FlightSafety International (Booth No. 1227) is offering a variety of level-7-approved flight-training device solutions for operators of small turbine helicopters. According to the company, these devices provide virtually all the training benefits of a full-motion simulator, include a vibrating base, and are a cost-effective alternative for in-aircraft training.
Flight Level Aviation
FlightSafety International (Booth No. 1227 and 1327) is marking a year of advances at NBAA, capped by the recent completion of construction of the first Gulfstream G650 flight simulator.
Forty of FlightSafety International’s full flight simulators located at 15 learning centers in North America have been qualified under the EASA flight simulator training device catch-up process. The process was developed to qualify simulators located outside of EASA member states’ jurisdiction so they can continue to be used in the training of European-licensed flight crews under EASA regulations.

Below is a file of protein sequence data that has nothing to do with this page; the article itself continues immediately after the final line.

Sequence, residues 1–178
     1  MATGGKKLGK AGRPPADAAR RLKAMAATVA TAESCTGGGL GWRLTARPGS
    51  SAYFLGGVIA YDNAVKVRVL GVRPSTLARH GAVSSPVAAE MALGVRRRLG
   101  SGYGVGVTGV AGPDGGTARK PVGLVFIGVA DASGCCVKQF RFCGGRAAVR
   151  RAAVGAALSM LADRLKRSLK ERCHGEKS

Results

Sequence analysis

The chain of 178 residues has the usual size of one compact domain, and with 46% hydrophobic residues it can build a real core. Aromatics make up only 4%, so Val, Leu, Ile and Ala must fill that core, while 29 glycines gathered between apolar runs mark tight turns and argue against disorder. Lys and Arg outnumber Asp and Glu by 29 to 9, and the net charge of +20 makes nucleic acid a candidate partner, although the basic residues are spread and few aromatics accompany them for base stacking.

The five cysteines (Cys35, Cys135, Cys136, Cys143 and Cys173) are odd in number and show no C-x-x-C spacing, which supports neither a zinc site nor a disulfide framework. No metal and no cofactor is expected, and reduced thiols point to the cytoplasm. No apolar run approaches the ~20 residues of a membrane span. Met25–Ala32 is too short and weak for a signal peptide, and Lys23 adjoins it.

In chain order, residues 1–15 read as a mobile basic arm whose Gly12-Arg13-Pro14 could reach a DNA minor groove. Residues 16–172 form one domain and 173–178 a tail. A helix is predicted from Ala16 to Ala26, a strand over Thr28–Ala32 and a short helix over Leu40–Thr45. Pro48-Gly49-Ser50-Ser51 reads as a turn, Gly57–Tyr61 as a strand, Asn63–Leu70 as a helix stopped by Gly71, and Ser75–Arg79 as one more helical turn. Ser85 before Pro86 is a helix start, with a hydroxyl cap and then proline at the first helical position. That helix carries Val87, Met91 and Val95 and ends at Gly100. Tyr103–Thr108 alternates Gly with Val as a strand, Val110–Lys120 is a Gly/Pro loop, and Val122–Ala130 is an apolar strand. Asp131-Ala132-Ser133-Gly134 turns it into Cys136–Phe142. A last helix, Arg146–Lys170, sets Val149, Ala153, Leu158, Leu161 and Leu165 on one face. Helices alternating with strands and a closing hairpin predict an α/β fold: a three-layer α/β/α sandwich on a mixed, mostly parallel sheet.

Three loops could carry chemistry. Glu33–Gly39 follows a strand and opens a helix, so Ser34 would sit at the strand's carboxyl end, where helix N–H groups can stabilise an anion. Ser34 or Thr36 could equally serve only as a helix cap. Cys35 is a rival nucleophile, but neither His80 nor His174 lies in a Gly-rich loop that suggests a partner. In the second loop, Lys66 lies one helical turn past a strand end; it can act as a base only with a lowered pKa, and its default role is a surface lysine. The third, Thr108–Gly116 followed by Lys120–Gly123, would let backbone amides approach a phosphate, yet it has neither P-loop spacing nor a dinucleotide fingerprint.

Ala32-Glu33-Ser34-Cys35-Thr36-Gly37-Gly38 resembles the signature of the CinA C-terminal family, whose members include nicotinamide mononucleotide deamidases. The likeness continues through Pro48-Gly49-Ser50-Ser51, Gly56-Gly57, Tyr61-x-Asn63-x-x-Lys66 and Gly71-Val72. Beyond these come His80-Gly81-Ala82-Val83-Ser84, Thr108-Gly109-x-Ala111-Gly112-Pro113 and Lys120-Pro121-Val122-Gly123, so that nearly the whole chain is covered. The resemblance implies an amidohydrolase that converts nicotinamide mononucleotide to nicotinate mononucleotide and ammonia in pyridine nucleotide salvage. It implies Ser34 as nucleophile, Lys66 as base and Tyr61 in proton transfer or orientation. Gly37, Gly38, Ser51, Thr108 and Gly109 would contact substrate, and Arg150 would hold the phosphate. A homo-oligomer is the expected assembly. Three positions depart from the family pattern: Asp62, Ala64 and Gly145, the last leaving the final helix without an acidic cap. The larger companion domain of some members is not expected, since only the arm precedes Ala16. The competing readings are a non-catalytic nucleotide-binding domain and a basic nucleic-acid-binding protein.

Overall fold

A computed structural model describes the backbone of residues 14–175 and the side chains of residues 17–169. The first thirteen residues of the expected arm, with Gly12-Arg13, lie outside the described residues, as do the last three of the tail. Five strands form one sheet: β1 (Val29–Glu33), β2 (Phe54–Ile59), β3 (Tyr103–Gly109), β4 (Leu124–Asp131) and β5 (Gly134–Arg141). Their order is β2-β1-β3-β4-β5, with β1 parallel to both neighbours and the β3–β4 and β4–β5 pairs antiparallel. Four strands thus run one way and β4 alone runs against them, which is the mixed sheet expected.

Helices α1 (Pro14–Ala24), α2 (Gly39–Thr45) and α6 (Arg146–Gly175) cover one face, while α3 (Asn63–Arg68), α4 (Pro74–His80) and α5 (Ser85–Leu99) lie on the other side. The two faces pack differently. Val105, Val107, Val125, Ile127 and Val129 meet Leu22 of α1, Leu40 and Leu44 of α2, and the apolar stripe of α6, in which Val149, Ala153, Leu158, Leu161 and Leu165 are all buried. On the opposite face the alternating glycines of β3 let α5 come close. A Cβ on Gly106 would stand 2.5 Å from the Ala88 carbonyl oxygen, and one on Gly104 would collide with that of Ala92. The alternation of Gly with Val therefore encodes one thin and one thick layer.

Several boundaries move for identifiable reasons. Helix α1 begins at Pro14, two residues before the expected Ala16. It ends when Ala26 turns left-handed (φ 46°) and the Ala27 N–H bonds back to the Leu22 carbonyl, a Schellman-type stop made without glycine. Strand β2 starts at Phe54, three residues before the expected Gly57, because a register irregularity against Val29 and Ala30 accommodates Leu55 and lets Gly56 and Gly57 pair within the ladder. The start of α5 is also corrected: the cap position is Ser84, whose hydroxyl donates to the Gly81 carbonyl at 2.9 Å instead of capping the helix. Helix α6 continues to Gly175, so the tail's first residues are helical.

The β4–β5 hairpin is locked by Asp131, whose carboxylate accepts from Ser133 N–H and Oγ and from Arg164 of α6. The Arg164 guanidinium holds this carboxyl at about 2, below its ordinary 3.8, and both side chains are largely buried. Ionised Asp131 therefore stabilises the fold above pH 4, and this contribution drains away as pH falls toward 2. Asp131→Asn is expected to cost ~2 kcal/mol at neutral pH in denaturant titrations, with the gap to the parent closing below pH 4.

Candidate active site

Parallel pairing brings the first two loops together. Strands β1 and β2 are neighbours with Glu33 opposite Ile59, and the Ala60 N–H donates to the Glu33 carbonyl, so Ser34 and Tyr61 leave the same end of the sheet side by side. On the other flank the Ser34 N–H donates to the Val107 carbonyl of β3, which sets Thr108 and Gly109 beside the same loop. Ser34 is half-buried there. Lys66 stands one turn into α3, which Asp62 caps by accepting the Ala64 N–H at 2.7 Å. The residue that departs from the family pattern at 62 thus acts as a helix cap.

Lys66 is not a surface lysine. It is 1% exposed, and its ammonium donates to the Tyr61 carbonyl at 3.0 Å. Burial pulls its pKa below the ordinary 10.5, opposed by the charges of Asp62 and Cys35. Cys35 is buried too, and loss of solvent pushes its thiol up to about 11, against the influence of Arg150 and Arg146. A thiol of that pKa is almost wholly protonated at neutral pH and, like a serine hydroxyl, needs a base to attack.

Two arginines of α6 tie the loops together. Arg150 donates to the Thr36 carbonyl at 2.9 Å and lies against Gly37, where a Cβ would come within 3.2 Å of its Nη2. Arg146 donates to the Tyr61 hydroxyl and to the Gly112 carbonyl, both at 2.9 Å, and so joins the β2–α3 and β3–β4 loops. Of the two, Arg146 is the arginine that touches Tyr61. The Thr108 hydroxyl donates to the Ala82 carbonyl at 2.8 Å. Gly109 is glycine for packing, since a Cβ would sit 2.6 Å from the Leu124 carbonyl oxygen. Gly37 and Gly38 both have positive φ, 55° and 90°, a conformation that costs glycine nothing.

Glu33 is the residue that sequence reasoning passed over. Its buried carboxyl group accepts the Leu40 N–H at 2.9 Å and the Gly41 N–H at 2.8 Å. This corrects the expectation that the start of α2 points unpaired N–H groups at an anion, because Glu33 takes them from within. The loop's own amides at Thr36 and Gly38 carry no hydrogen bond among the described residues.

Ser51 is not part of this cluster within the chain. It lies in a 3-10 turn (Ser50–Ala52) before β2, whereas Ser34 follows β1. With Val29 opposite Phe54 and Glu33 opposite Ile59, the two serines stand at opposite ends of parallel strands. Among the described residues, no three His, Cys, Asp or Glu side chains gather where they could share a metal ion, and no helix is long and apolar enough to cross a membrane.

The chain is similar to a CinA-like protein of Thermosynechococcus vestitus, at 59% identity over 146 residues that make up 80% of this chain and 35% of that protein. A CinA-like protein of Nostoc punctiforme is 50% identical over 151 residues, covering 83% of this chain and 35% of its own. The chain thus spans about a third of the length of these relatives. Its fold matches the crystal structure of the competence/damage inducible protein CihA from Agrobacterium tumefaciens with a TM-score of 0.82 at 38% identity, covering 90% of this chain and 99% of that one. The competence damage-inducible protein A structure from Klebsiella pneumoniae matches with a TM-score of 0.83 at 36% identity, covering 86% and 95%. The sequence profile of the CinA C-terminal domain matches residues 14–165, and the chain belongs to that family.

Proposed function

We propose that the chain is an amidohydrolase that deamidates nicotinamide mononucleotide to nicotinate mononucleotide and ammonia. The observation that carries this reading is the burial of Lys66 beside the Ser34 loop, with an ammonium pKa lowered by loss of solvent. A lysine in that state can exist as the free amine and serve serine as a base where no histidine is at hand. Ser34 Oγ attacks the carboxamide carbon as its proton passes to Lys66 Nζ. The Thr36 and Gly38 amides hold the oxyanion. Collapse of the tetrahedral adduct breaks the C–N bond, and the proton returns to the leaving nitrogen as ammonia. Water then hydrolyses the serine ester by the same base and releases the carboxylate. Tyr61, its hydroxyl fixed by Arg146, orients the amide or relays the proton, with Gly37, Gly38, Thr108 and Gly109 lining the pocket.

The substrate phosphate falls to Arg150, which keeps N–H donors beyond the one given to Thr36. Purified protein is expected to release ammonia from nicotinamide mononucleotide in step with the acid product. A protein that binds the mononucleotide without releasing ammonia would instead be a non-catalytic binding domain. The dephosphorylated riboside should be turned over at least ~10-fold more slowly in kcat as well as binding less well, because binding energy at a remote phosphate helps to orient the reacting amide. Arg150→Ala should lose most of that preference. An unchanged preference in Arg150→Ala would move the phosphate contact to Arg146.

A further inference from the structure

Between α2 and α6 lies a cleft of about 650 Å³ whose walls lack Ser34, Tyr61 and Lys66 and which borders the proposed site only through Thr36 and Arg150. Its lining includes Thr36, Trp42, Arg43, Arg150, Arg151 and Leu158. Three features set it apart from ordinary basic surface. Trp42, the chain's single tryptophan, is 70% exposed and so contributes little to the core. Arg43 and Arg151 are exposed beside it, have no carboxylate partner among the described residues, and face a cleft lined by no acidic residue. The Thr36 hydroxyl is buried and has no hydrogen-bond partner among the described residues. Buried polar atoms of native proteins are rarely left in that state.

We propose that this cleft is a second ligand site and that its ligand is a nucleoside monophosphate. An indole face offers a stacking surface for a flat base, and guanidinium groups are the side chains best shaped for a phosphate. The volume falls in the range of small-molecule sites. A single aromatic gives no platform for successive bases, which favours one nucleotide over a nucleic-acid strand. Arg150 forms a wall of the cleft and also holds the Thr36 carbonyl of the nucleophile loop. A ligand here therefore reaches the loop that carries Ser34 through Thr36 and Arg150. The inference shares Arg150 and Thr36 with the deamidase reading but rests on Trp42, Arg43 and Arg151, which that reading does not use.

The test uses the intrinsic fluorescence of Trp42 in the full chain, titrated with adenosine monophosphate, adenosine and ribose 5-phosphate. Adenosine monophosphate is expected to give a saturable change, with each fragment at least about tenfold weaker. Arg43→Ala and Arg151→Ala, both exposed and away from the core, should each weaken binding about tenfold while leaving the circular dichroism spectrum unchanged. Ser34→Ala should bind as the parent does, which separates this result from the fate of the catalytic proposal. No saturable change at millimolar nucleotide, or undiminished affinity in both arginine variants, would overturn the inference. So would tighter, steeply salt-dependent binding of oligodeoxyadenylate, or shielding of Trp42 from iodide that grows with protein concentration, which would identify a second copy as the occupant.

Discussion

For a 57-year-old company, FlightSafety International may be more mature than some others, but it hasn’t stopped growing. While the simulation training provider is active in other markets, the vast majority of its 40 learning centers and fleet of more than 230 simulators are dedicated to serving the business aviation community.
“Aircraft insurance is a fairly pragmatic business,” stressed Jim Harris, executive vice president of AIG Aviation, Atlanta. “We put very high liability limits on our clients–$100 to $300 million and even higher on some Fortune 500 companies. Considering we’re insuring $20 million aircraft flying near the speed of sound with millionaire executives on board, training is paramount in our book.”